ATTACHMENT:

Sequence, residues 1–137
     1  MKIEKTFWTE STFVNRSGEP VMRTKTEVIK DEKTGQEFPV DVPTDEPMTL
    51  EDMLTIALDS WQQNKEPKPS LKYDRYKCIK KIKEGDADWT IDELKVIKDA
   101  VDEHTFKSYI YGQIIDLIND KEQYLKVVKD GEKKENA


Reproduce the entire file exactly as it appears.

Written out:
Sequence, residues 1–137
     1  MKIEKTFWTE STFVNRSGEP VMRTKTEVIK DEKTGQEFPV DVPTDEPMTL
    51  EDMLTIALDS WQQNKEPKPS LKYDRYKCIK KIKEGDADWT IDELKVIKDA
   101  VDEHTFKSYI YGQIIDLIND KEQYLKVVKD GEKKENA